Incendiary Traces is a conceptually driven, community generated art project conceived by artist Hillary Mushkin. Incendiary Traces is holding a series of site-specific draw-ins taking place across Southern California, as well as collecting related historical and contemporary materials. Artbound is following the draw-ins and publishing related materials as the project develops.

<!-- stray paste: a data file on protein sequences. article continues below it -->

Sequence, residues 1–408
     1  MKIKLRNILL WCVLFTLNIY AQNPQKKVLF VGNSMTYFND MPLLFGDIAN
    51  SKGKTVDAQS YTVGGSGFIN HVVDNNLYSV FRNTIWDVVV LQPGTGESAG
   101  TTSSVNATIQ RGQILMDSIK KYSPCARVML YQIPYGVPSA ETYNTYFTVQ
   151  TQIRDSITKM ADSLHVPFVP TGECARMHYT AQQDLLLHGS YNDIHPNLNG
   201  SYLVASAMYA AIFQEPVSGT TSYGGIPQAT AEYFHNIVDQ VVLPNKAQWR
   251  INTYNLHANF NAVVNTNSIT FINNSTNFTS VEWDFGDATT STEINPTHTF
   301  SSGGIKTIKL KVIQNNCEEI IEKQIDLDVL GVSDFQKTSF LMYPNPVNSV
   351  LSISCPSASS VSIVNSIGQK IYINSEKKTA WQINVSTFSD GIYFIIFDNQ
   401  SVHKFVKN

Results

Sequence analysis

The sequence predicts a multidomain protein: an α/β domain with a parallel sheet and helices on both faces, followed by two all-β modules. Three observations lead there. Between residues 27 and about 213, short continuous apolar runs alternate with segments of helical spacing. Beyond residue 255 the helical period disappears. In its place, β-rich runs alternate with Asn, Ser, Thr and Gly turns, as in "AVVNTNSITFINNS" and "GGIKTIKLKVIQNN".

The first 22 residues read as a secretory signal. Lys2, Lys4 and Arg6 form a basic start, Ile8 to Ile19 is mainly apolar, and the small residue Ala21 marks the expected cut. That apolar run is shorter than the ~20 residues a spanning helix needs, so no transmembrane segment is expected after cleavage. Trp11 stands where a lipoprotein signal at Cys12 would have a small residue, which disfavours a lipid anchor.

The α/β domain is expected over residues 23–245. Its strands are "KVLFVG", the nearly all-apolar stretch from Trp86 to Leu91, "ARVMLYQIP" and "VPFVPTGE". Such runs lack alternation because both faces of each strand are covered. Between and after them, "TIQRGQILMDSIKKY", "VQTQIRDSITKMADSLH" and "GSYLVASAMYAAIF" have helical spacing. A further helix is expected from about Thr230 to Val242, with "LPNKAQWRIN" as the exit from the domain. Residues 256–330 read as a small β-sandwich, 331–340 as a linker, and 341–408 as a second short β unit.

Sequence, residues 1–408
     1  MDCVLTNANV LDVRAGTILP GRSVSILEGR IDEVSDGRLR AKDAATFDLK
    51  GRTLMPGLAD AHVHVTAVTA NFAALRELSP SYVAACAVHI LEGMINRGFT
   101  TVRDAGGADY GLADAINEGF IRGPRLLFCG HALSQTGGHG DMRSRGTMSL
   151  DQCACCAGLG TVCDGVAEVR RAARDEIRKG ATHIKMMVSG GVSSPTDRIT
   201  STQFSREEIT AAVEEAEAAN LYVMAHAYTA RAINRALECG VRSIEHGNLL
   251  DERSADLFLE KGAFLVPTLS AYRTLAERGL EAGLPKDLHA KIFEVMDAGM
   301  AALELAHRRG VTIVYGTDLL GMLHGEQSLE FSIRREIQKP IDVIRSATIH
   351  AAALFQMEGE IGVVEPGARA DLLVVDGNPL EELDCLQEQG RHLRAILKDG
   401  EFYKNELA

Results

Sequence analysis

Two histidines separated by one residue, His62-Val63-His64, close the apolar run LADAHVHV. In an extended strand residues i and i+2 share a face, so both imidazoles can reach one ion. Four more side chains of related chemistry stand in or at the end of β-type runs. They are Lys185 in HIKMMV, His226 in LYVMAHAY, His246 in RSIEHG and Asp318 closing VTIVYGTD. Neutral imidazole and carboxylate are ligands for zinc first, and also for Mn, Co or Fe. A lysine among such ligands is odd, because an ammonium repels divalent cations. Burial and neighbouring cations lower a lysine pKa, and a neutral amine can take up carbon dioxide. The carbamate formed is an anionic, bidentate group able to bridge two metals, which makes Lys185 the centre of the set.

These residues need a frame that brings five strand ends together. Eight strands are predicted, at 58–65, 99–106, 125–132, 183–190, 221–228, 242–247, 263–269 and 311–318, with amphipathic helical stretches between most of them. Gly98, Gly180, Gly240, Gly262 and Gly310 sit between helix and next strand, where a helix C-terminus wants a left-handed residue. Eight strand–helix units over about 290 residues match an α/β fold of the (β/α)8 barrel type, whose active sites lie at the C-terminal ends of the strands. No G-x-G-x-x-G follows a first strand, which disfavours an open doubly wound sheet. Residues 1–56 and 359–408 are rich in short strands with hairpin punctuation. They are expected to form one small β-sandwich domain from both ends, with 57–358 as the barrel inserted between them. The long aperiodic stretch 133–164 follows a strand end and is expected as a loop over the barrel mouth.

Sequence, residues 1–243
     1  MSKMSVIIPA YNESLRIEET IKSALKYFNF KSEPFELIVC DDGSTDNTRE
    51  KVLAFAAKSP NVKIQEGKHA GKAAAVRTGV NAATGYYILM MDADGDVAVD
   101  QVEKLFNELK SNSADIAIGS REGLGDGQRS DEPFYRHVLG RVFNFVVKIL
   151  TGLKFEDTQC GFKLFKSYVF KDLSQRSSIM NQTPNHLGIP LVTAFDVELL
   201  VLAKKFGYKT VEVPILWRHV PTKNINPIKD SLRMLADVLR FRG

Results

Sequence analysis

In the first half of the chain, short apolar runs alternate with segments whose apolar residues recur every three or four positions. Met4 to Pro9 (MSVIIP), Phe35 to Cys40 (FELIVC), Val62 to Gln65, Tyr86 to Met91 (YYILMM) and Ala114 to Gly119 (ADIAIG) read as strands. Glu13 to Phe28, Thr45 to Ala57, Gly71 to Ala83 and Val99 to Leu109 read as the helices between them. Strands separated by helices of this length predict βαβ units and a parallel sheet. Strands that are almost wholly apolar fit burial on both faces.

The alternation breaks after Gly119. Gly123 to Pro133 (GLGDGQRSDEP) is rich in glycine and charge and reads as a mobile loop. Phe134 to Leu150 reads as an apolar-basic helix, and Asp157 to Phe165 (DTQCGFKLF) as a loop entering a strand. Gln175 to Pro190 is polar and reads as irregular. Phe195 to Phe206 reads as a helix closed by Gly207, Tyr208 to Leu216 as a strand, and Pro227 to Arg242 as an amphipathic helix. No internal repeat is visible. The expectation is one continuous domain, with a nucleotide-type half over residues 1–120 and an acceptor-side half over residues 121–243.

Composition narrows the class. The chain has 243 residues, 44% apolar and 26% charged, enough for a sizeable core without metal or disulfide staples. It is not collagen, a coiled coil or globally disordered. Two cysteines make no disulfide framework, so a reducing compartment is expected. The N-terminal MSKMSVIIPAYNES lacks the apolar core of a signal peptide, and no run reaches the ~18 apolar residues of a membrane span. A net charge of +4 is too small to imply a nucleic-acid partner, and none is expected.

We met on a dirt path on the bank of a rocky foothill overlooking a small rural town. At least the path appeared to be dirt; it was light brown, but there was no way to kick it to see if dust would rise. Modeled on Southern Afghanistan, the small cluster of buildings in front of us included an open-air market, a mosque, small charcoal colored buildings with few windows and low walls of the same material. At the periphery, a creek ran near fields of corn and red poppies. We saw only a few Afghani people there; we chatted briefly with them in English. We were a group of artists, curators, art historians, and students, and for the time being, virtual U.S. military ground troops. This Afghani village existed on a local area network (LAN) of computers in an office park in Silicon Beach. Though seemingly unrelated, our artistic goals were in some ways aligned with the troops who train in this virtual place. We had come to draw, intent on exploring this computer-generated space and sketching what we saw. But we also aimed to gain situational awareness of the environment through careful observation and critical assessment of the landscape. Our purpose was to gain a better understanding of what it might be like to inhabit a real war zone in Afghanistan, thus making this seemingly remote conflict a bit more comprehensible to us.